Naturally, there had to be at least one topic of disagreement amongst the panelists. Chris Pitre (@chrispitre), Director of Strategic Planning at Astadia, asked, “With competition between agencies being inevitable, how do you stay on top?” In response, the classic logic vs. emotion battle manifested itself into the data vs. creativity balance within the agency industry.
Managing campaigns on multiple channels is difficult, so data is analyzed to try and make sense of all your marketing efforts. Allyson Hugley (@HugleyA), EVP of Measurement, Analytics & Insights at Weber Shandwick, believes that data holds truth, and is the universal language to understanding how effective your advertising is.
In a world where advertising campaigns are reaching across multiple channels, to varying demographics, with numerous different needs and expectations, basing your campaigns simply on intuition and creativity isn’t going to cut it. According to Allyson, “agencies that are able to articulate, demonstrate, and have the results to prove it are going to be the winners.”
Sean Corcoran (@SeanCor), Director of Digital Media & Social Influence at Mullen, countered the idea of data-centered advertising with one line: “At the end of the day, we are humans creating engaging content for other humans.” While data is useful in understanding your audience and analyzing metrics of your campaign, it can’t tell the whole story of how your audience is going to react to your messaging.
The human heart is emotional and unpredictable at times; how can data really account for that? In a time where consumers are inundated with advertisements at all hours of the day, agencies that produce creative, innovative content that cuts through the noise of ad-overload will stay on top.
What Does All of This Mean?
I don’t think Allyson means that agencies should become data-crunchers that center their campaigns solely on what psychology research and previous case studies have shown to be successful in the past. And I also don’t think Sean believes agencies should throw their analytics out the window and re-invent the wheel of advertising in every campaign.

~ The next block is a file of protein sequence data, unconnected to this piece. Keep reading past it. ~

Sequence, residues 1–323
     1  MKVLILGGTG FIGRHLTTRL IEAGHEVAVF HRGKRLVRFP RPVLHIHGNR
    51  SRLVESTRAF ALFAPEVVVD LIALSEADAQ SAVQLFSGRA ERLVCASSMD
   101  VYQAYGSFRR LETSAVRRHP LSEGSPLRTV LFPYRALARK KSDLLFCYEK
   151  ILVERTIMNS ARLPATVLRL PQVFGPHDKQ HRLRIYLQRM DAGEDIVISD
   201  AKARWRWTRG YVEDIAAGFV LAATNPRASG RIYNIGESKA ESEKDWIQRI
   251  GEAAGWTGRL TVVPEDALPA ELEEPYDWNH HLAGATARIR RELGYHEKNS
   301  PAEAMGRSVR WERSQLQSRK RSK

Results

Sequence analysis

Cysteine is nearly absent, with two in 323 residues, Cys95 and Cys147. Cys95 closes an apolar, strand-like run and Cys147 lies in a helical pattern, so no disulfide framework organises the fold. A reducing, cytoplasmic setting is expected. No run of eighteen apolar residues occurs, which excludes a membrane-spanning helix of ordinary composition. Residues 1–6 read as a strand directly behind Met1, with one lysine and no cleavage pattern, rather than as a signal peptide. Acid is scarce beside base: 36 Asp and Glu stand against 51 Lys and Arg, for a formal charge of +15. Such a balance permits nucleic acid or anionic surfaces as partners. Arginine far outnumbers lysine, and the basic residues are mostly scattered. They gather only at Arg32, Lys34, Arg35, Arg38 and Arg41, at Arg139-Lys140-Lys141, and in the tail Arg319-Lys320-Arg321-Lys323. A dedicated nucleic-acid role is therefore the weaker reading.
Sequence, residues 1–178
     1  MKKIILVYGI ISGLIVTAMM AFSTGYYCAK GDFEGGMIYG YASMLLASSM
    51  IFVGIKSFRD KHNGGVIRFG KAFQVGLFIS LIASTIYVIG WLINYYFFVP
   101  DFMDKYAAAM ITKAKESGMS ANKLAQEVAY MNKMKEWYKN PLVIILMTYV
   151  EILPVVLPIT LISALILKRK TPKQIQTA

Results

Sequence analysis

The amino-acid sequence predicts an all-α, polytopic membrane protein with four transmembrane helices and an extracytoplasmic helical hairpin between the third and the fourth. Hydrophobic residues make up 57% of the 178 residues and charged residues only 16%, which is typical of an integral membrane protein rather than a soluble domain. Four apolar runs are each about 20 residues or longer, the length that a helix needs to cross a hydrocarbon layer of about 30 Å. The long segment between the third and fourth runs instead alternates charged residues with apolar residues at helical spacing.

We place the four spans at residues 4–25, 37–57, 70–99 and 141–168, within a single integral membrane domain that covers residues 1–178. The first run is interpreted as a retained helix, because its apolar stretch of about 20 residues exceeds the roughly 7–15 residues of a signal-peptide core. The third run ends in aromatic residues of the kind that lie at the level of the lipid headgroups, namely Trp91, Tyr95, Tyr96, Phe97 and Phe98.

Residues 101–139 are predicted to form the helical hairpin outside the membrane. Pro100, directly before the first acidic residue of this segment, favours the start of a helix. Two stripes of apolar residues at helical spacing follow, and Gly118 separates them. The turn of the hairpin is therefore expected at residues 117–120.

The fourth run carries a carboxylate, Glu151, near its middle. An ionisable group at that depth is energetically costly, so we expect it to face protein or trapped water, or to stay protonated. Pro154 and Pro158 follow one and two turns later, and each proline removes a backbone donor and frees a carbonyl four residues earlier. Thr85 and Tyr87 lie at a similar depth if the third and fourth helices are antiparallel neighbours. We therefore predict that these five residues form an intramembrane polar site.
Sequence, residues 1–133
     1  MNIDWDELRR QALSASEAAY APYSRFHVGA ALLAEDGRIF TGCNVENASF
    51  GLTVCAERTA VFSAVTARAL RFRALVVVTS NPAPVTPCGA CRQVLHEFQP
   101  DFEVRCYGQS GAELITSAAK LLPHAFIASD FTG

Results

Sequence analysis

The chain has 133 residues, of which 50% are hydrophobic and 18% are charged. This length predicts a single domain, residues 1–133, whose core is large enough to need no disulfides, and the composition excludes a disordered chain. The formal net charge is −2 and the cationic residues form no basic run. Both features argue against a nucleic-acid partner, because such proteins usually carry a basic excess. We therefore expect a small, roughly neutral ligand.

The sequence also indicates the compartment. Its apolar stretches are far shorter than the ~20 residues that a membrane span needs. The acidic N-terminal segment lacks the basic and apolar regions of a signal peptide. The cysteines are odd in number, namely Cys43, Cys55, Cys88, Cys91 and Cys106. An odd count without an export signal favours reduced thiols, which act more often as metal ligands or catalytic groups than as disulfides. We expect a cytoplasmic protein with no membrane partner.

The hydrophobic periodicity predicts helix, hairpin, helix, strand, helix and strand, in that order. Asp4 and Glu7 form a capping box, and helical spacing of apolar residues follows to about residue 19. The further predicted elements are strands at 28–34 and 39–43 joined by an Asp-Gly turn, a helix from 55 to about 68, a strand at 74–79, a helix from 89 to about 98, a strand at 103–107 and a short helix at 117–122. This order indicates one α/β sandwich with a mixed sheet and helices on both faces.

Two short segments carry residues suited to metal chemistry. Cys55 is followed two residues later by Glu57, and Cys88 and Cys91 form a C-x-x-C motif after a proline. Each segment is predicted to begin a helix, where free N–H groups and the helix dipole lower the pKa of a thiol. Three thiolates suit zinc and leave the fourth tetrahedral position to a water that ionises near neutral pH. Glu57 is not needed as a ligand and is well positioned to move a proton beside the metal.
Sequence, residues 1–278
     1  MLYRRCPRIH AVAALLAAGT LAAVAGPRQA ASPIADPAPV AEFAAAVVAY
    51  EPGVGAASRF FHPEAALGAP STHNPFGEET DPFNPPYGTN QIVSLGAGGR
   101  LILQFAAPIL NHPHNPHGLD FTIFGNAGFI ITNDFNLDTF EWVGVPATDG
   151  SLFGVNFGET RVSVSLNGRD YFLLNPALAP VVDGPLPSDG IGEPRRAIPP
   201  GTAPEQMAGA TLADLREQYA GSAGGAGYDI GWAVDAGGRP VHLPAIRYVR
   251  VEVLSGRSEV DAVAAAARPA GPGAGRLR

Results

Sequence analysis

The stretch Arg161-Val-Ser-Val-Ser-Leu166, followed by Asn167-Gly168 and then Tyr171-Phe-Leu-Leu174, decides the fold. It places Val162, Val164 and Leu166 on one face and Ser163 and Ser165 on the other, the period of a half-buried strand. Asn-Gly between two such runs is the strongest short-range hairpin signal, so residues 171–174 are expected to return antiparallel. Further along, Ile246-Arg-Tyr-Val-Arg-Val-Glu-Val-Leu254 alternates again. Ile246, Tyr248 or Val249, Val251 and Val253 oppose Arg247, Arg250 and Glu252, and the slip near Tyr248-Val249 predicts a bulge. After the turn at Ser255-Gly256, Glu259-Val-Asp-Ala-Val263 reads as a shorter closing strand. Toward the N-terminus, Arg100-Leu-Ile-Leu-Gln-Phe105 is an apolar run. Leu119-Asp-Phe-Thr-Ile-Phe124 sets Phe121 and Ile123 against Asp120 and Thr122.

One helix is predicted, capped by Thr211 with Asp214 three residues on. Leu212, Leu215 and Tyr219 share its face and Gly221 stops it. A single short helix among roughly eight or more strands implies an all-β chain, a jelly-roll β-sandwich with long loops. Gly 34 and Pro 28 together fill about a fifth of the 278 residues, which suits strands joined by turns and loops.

But I do think their stances symbolize the tough balancing act that agencies are faced with. Should your agency focus more on what the numbers tell you your audience will like? Or should your agency follow its heart and deliver an advertising campaign that you believe other people will find innovative and engaging?
The answer is that it’s probably good to mix between the two. Data certainly gives you valuable insight in regards to your audience and what has worked for others in the past – so ignoring this information completely would certainly be a disadvantage. But the creative mind of an agency strategist is unquantifiable. Creating experimental, fresh campaigns is definitely more risky, but it can also break the mold of what a “successful” campaign looks like. And that’s pretty exciting.
I’ll leave you with what Zachary Treuhaft left me. As 2015 comes around and the agency industry is changing at the speed of technology, his advice was this: “Be brave. As our world gets more complicated, our ability to know with certainty diminishes.”
What are your predictions about the agency industry in 2015? Leave us a comment and let us know!
Authored by: Camille Marti